• The following is just one example that clearly illustrates dojoconditioned thinking: Some karate-ka will swear blindly that before any punch is thrown (in combinations or kumite), the fist must come back to the hip first. So let us examine the punch in battle. In Okinawa, karate-ka rarely pulled their hand back to the hip before executing a punch. Instead it was thrown most often from its guard position. The methodology was that it took less time to reach its target and had no telegraphed movements – a sound theory. When karate reached Japan however, the two primary arts were sumo and Judo (both grappling arts). Holding the guard out in front and punching from guard position had a drawback; the grapplers would rush in and attempt to grab the karate-ka’s arms taking away their most valuable weapon. Even if they did not succeed in grabbing the arms, being so close, the karate-ka’s punch was less effective. So a new methodology was created. The karate-ka started moving their guard around in circular motions. This meant the grapplers had less chance to grab their guard. Another theory was introduced, to bring the fist back to the hip prior to punching. The theory behind this was two-fold. Firstly, if an attacker grabbed your arms, by ripping the fist back to the hip in a twisting motion, one could escape the grapplers grip. Secondly, by bringing the fist back to the hip, one could still generate a powerful blow to an attacker who was very close. So who was right, the Okinawa’s or the Japanese? Both were right, for in a scenario where an attacker was at distance, striking from the guard position was the best methodology. Yet, if an opponent was to come in close and attempt or succeed in grabbing you, bringing the hand back to the hip first was best.
  • There are pros and cons to nearly every difference in technique in karate and pros and cons to almost every approach in life. We all have ways we like to deal with our life, our work, our kids etc. For example, some people always take an aggressive approach in their work environment, or at home. Some people always take rejection personally; some people always take others questioning things as a sign of descent. As the adage reads, ‘A strong wind can push grass to and froe but cannot budge the oak tree that stands strong. Yet, the strongest winds can uproot the oak tree, but can never uproot grass which simply moves to and froe’. In our lives there are times we should be the oak-tree and other times where we should be like grass. Living successfully requires adaptability and this can only come from being open-minded and through understanding there is no right or wrong way to approach any situation. We can develop open-mindedness in our lives by starting it in the dojo.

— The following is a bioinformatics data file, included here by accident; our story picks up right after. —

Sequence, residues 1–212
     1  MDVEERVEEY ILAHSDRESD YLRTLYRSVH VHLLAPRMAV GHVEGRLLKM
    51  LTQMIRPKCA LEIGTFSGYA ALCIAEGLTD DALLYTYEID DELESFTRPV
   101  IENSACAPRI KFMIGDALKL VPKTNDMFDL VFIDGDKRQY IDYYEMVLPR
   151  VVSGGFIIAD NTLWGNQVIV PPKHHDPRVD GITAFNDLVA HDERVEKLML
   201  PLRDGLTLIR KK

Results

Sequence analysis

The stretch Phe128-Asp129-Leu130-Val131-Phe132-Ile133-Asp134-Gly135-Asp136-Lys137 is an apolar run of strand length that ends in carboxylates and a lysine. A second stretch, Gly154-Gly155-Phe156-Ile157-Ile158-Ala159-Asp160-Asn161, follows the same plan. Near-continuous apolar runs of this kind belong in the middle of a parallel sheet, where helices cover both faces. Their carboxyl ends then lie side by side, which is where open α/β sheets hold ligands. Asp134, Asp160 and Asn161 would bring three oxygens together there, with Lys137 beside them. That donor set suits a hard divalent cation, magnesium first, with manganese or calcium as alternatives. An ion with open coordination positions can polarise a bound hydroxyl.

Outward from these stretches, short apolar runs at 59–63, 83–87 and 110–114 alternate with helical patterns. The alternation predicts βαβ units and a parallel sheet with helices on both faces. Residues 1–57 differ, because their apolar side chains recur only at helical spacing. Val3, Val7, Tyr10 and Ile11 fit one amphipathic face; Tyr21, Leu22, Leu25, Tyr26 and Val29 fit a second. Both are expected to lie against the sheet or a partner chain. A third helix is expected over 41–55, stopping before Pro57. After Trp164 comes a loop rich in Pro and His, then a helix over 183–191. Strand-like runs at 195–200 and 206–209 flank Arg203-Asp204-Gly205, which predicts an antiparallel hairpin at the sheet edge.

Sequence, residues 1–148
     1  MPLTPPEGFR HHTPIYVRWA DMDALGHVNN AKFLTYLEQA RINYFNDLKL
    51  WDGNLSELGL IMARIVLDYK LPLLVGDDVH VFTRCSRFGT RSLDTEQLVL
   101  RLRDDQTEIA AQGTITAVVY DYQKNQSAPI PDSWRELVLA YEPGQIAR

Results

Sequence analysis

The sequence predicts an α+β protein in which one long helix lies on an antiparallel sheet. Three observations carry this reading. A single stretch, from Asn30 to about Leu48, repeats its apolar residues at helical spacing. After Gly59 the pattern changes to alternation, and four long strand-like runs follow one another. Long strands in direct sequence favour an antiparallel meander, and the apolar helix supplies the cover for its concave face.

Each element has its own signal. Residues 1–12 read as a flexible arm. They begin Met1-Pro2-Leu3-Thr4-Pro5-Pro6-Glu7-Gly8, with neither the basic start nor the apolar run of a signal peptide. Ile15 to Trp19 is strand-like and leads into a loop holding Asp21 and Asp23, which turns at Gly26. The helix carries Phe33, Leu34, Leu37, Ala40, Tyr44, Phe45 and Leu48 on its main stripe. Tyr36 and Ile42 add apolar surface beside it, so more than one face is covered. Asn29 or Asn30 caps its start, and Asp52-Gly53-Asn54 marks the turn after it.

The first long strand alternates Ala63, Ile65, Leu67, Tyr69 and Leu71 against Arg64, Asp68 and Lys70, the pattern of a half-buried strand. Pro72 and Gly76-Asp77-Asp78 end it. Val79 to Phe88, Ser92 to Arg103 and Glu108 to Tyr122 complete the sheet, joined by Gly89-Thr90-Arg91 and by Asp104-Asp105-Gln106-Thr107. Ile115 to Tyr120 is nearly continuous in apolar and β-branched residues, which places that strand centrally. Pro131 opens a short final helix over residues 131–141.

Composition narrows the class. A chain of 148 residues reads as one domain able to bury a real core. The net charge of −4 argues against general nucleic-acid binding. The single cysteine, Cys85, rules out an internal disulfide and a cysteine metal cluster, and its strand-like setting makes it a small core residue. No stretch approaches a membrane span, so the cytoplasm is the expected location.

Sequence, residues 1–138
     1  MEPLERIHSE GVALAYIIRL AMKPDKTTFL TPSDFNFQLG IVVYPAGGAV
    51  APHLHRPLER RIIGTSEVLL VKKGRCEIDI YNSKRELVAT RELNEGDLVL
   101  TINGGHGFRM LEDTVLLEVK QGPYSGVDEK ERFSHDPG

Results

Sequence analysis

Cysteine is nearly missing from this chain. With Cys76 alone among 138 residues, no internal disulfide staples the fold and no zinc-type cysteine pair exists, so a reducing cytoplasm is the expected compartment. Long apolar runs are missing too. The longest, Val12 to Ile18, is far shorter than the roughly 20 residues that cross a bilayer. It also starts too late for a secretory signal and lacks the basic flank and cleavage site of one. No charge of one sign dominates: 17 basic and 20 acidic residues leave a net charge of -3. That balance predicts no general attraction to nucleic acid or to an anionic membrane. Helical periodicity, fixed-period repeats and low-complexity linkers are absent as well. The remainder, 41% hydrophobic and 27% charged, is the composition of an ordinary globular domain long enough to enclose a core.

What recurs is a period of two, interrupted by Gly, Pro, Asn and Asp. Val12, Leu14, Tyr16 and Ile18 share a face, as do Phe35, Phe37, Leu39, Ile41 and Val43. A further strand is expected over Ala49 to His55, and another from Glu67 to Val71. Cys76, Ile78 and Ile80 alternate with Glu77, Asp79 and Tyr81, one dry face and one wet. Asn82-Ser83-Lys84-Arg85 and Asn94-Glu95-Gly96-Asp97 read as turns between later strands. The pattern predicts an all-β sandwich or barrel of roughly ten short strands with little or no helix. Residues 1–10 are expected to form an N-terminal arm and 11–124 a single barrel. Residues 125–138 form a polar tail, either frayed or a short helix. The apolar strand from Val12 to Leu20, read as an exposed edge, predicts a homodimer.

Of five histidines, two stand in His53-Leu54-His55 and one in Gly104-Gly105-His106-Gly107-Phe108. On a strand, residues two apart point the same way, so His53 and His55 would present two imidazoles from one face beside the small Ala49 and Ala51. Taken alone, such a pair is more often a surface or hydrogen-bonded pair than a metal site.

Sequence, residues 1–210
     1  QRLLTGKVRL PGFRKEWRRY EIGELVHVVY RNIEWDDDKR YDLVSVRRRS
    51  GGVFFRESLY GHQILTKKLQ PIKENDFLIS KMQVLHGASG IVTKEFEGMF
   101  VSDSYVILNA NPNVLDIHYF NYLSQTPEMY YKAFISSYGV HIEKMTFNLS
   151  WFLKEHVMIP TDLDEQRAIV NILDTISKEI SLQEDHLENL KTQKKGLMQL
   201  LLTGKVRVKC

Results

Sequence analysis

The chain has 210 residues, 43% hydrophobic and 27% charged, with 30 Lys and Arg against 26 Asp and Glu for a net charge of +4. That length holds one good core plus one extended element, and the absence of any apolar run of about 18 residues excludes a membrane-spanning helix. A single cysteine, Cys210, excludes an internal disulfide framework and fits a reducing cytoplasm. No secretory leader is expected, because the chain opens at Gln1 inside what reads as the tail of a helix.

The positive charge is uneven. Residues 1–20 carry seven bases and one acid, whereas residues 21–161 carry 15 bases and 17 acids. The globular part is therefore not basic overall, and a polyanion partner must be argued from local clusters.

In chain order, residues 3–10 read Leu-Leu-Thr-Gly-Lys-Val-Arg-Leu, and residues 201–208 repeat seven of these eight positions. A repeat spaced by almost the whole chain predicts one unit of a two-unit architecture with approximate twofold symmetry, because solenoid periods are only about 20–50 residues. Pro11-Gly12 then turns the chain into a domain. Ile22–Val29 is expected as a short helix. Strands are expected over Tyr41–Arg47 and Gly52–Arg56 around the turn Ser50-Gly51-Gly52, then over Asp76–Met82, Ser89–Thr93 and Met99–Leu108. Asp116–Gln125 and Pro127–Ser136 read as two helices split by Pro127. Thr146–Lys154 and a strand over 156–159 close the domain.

• The mission we all have is to continually empty our cup. It doesn’t mean to forget what we know, or to discard it. It simply means when presented with new information, to listen and learn – even if it challenges our current ideas or contradicts them completely.
  • You have likely heard this advice before, but do you actually practice it? Or do you find yourself dismissing other points of view because you KNOW your way is best? People who always ‘have to be right’ are seldom happy. They’re so intent on proving their point, they rarely learn anything new and their karate and life skills stagnate. Take some time to think back to the last time someone challenged your beliefs – what did you do? Did you defend your methods trying to prove your way was best, or did you listen intently and attempt to discover something new, another road that would lead to the same destination? Another question is this, do you regularly use the words ‘I always…’ or ‘I never…’ in your life? If you do, then it is a sure sign that you have closed minded habits.

 

Shihan Anthony Ryan